In Egypt, rolling power outages in 2013 played a significant role in undermining support for then-President Mohammed Morsi, leading up to the coup that put Abd al-Fattah al-Sisi in power. The transformation of Egypt’s power sector since then has been a signal achievement of his government.
Yet, shortfalls in gas flows have not only undermined export revenues — they have now led to further power outages that government officials say may run through to mid-September.
Egypt’s next presidential election is due in early 2024. However undemocratic the vote may be, Sisi and his military allies will be keen to be able to claim that his administration has been able to deal with the numerous external shocks that the Egyptian economy has experienced in recent years.
Fuel, Dollars Drying Up
As in 2013, the reliable availability of power is an important factor.
Political dissent remains rare in Egypt, largely due to the threat of how draconian security forces will respond to public protests. Even so, the political environment remains extremely delicate — prolonged power outages over the coming weeks will only worsen a situation that has already been rendered extremely difficult for the government by its inability to control consumer price inflation.
In addition to the political sensitivity of the power issue, the need to import more fuel oil is another unexpected drain on the government’s dollar liquidity position. Actuals data (recorded revenues and expenditures at a given point in time, as opposed to a budget) for the last quarter of fiscal 2022/23 show gas output falling again to an average of 5.9bn cu ft/d, its lowest level since 2020. Output from the Mediterranean region continues to decline, driving the overall fall in output.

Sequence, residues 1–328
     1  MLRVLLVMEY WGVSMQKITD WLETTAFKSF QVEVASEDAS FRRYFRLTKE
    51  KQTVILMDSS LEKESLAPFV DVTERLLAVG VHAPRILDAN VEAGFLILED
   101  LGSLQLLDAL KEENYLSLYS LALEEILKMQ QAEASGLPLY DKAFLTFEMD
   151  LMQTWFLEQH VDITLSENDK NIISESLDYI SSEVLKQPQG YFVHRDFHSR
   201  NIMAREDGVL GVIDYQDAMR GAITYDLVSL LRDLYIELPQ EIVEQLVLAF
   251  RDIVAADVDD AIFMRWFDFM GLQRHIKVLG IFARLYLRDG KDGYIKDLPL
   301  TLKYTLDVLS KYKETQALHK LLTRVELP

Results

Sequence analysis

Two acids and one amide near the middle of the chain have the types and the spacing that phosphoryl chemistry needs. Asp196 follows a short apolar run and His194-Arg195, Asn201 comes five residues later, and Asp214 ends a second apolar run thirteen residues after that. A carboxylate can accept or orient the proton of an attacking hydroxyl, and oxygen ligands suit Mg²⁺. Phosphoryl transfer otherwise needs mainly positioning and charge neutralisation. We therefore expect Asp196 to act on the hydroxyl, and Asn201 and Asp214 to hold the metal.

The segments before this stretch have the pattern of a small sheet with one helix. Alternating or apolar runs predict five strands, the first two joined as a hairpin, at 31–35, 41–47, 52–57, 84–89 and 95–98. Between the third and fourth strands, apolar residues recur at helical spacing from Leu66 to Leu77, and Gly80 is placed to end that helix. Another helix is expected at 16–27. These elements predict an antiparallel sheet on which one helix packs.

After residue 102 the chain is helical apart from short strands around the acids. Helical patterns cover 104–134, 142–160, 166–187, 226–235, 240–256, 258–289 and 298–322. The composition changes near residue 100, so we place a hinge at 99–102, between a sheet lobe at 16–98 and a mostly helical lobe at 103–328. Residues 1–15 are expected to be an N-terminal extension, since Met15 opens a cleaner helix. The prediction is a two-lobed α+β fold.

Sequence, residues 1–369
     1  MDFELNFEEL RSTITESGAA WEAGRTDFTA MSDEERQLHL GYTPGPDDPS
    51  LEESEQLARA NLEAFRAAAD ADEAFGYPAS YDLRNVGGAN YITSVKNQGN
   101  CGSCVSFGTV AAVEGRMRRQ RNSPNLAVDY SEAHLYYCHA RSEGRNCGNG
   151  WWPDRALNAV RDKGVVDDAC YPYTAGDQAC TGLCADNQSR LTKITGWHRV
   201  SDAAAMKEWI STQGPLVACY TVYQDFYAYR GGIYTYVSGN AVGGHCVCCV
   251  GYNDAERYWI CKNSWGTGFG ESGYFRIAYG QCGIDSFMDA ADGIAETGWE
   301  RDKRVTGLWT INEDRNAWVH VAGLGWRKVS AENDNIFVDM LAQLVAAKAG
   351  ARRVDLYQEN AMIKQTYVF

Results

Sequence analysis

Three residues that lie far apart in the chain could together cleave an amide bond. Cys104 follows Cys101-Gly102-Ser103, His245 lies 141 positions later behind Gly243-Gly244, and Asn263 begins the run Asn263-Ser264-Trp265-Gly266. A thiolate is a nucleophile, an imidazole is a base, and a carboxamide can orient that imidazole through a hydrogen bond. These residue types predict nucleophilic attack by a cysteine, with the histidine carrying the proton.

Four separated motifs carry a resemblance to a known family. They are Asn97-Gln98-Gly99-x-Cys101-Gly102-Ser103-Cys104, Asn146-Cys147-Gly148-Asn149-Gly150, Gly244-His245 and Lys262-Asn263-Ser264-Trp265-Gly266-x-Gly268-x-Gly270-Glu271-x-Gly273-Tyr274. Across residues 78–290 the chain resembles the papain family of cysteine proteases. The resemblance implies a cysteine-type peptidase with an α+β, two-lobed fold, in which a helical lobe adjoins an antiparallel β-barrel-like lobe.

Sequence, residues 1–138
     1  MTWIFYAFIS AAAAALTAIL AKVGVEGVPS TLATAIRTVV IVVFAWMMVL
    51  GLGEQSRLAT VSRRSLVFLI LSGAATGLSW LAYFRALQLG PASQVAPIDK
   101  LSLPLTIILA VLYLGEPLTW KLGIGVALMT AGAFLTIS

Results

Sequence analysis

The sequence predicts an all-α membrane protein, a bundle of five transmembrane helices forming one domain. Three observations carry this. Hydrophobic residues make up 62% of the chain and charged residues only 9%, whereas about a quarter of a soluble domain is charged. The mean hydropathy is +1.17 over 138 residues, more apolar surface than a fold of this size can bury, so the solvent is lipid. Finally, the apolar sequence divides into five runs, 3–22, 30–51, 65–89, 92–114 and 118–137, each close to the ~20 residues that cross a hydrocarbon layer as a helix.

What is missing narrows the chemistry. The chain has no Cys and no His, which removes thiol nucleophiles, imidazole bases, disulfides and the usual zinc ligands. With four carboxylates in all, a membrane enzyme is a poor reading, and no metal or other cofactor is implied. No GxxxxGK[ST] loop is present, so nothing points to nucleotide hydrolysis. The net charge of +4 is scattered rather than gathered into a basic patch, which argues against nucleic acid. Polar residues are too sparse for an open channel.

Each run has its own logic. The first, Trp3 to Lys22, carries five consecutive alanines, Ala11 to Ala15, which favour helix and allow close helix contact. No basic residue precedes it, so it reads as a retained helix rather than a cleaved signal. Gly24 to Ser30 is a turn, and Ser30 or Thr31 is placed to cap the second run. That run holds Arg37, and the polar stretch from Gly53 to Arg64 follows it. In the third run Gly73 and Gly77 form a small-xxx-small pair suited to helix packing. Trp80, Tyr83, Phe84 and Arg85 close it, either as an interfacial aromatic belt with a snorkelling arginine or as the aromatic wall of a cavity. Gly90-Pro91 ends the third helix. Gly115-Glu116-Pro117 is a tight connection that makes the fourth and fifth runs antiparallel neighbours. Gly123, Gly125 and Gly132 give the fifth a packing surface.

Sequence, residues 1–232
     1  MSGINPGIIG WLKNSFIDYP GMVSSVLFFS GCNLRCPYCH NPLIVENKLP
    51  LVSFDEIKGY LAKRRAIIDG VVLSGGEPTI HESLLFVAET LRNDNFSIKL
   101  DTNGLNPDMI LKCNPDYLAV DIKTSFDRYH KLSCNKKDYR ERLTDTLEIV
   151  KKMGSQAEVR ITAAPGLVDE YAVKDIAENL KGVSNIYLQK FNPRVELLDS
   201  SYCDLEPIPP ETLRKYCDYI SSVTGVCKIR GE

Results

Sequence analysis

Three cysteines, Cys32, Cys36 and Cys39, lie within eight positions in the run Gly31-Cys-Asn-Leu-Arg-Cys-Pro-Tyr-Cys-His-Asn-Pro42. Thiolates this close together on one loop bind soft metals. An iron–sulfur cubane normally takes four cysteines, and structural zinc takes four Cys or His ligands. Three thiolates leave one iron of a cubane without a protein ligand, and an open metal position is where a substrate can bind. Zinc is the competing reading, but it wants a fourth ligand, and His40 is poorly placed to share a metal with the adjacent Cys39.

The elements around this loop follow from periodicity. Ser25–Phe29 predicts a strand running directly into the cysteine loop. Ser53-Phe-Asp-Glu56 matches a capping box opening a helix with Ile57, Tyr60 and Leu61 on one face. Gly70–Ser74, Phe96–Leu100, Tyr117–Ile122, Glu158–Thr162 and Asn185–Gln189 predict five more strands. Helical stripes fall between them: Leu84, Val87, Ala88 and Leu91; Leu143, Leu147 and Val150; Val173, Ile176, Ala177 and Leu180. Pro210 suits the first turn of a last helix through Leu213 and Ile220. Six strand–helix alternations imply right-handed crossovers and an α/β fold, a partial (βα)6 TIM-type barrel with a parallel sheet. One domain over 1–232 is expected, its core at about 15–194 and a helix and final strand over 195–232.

The upshot: Egypt is close to reaching a situation where it will require net imports to meet domestic gas demand through much of the year.
Meanwhile, Egyptian officials suggest that the IMF review of the government’s performance under the latest loan deal could happen in September, months after it was due. The government can legitimately claim to have taken some of the steps required by the Fund.
But subsidies remain an essential part of the government’s toolkit and officials insist that another devaluation of the pound is unlikely. Policing its conditionality is challenging for the IMF in Egypt, a country the Fund has lent over $20bn to since 2016.
For its part, ratings agency Moody’s is highlighting that revenues generated by the divestment of state assets do not provide an immediate solution to Egypt’s fiscal shortfall. Across the sector, IOCs are seeing increases both in total receivables owed and the portion that is overdue.
Another raft of divestments of state assets could generate further inflows, but the potential devaluation of the Egyptian pound is scaring away potential investors.
Overall, it is very unlikely that the total amount of receivables arrears due to IOCs will be reduced before the end of this year. The near-term outlook for payments risks remains negative, with the state companies still seeking to pressure IOC partners to get paid in pounds.
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